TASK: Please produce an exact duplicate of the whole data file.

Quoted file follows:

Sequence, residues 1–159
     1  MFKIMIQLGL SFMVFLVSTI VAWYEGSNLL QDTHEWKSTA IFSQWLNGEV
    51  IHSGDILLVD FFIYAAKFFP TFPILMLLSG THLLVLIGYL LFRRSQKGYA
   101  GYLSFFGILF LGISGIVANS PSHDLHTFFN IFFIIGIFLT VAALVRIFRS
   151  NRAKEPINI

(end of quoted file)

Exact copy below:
Sequence, residues 1–159
     1  MFKIMIQLGL SFMVFLVSTI VAWYEGSNLL QDTHEWKSTA IFSQWLNGEV
    51  IHSGDILLVD FFIYAAKFFP TFPILMLLSG THLLVLIGYL LFRRSQKGYA
   101  GYLSFFGILF LGISGIVANS PSHDLHTFFN IFFIIGIFLT VAALVRIFRS
   151  NRAKEPINI